How do you attract new customers, and keep existing ones coming back?
One approach is to offer customer incentives.
What is a customer incentive?
Everyone likes to have an incentive dangled in front of them, but you can’t just use any old “ethical bribe” — it needs to be appropriate.
I was once offered discounts on buying a suite of computers for my school if I persuaded my colleagues to take out an insurance policy!
This was both inappropriate and, let’s be honest, sleazy.
Apart from anything else, what would trying to persuade my colleagues to take out a new insurance policy have done for my reputation?
And where would it put me if they lost money as a result?
But even if the insurance policy was so good it would have sold itself, that incentive was inappropriate for one very simple reason.
The school was buying the computers, and therefore it should have been the school (or an organisation it sponsored) that benefitted from any incentives rather than individual members of staff.
What kind of “ethical bribes” might you offer potential customers?
Some companies have a system whereby when someone buys something, they are provided with a discount code to pass on to a friend.
In the context of ed-tech this idea could be adapted in several ways.
For example, a school could pass the code on to another school with which they have a relationship.
Or, in a secondary school, a department making a purchase could pass the discount code to another head of department.
Another idea, especially for companies who produce content like textbooks, manuals, or software is to have a subscription scheme.
If a school customer pays, say, £100 per year, every new item or upgrade is provided free of charge.
If each item costs, for instance, £20, it doesn’t take long for the subscription to pay for itself.
That’s the advantage from the school’s point of view. The advantage for the company is that it has a guaranteed income.
If the product is complex or is upgraded, providing free training once a year to the whole staff can be a powerful incentive for some schools.
As we know, companies like Apple, Google and Microsoft run certified teacher training programmes.
The great thing about them is that the credentials achieved have currency. That is to say, their “graduates” can use them to make themselves more attractive in the jobs market.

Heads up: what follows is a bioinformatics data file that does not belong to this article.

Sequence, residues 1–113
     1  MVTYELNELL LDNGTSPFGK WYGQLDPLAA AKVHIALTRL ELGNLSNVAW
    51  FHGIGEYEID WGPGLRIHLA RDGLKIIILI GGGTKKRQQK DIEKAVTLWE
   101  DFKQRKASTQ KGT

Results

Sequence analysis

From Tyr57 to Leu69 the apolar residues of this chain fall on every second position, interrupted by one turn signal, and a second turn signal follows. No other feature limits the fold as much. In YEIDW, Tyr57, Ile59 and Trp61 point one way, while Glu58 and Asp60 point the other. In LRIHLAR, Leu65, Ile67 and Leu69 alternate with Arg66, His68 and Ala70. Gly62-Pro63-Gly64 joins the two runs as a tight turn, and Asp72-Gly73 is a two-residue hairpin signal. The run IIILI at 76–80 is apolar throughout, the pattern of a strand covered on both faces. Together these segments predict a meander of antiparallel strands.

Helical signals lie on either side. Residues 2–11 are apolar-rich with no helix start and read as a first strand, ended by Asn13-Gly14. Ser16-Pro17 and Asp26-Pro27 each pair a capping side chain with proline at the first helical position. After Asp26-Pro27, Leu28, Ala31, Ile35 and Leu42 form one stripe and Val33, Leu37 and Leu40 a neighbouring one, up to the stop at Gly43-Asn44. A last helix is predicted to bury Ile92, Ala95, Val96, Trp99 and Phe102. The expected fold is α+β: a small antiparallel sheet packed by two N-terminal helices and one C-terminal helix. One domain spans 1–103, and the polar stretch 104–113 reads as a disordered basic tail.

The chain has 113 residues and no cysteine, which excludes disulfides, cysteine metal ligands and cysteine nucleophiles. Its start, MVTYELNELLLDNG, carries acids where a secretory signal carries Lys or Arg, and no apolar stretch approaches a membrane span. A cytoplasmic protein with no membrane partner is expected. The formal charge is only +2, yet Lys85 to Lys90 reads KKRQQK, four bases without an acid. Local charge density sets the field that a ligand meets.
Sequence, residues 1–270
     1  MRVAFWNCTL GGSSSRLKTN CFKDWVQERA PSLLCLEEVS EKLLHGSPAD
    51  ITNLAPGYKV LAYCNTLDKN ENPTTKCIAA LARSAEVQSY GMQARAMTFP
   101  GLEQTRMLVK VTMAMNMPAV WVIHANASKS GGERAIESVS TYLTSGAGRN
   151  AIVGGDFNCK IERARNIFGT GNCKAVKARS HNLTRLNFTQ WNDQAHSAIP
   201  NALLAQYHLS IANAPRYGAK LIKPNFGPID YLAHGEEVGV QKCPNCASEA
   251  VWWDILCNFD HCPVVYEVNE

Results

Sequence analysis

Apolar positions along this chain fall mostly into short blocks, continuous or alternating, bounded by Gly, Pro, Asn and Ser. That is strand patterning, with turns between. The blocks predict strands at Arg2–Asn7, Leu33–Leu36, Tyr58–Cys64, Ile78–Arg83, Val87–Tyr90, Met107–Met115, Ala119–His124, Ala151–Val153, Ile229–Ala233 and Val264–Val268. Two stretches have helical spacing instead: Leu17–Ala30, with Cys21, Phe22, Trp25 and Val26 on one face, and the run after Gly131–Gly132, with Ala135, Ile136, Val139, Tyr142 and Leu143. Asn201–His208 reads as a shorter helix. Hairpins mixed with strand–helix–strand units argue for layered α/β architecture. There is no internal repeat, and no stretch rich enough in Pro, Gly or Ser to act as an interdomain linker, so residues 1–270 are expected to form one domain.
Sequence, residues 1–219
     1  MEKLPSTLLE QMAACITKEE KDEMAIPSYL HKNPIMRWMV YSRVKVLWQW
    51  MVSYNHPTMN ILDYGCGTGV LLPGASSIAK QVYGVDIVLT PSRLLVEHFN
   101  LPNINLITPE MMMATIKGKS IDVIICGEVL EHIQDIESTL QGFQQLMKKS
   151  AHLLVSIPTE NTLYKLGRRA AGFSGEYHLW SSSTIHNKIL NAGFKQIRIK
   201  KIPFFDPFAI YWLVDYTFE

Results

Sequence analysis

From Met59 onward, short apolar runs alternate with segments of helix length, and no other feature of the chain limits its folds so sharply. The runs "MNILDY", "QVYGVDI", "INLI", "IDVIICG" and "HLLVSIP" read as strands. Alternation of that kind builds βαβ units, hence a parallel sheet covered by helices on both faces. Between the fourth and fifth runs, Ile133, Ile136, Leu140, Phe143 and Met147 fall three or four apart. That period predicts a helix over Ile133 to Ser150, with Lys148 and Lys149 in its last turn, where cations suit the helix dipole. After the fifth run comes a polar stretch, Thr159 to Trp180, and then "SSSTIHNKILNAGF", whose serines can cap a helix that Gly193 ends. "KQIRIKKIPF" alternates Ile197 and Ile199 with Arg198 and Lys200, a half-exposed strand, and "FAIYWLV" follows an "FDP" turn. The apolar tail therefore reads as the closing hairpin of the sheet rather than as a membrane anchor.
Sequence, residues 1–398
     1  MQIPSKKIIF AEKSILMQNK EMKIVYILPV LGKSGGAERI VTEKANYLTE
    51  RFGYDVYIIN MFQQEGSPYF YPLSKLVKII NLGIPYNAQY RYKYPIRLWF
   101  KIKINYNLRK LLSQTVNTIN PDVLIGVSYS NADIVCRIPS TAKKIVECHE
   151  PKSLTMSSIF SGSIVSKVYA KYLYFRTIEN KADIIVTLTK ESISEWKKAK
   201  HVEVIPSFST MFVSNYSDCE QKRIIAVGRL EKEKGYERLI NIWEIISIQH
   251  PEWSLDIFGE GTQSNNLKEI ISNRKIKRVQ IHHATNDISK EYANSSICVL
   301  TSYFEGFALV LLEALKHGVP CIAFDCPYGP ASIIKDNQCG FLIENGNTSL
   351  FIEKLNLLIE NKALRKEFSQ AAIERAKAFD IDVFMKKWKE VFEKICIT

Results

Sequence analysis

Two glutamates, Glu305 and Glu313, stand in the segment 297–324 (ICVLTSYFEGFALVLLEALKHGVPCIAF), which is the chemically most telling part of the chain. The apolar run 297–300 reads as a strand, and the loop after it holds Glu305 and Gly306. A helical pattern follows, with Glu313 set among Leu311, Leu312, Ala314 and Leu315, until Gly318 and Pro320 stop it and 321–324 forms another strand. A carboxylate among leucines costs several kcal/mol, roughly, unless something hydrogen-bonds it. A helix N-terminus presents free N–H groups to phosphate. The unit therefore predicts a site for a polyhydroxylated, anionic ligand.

You may not be aware that some smaller companies run similar programmes, whereby some trainees achieve a basic skills level, and some go on to achieve a “master” level.
It can be very reassuring for a school to know that one of its teachers is able to train others in the intricacies of a product.
Is that an incentive your company might offer?
Before the pandemic, wireless network companies tended to carry out free surveys of a school’s set-up, followed by a report on what they needed.
An alternative version of this idea took the form of free audit software by which a school could find out, for example, what software was installed on its stand-alone computers.
We’re all familiar with this concept: spend a certain amount of money and receive coupons giving you discounts on particular products.
Another kind of incentive is access to closed user forums or private Facebook groups, in which users can share ideas and resources, and find out how other users have solved some problems.
Faster support response times
Mailerlite, the mailing list service provider, operates a system whereby free users can obtain support by email, but paying users can get help immediately via live chat.
Access to beta programme
Access to beta versions of products, and the opportunity to test new ones or upgrades, can be an attractive proposition to some potential buyers.
Early access to new releases/upgrades
An extension of the preceding suggestion is being given the opportunity to buy new products and upgrades before they are on sale to the general public.
Amazon has a scheme for Prime customers whereby subscribers can “buy” some ebooks for free a month before they are officially published.
This is a variation on other suggestions here: existing customers are offered discounts on future purchases.
Rather than offer a discount, consider offering a bonus.
Some sellers prefer this because offering a discount could be seen as lowering the perceived value of a product, whereas the term “bonus” tends not to have that sort of negative connotation.
For example, some sellers on the internet will advertise that if you buy this product within the next 3 days, you will also receive one or more free reports as a bonus.
This is a way of encouraging your customers to do some of your marketing for you.
It may be, for example, that you pay them 20% of the value of a purchase by a referred customer.
This sounds like a lot, but the idea is that you will still retain 80% of the value of a sale you might not otherwise have made.
Finally, another incentive might be to offer a free maintenance visit or service visit once a year.
Perhaps this could be one of the benefits of being a subscriber if you decide to offer such a scheme.
Mix and match your incentives
As we have seen, some of these ideas overlap and can be mixed and matched. Perhaps none of them in themselves would be enough to convince a person or school to buy your product.
However, if two companies are offering similar products, it could well be an incentive scheme that tips the balance in favour of one of them.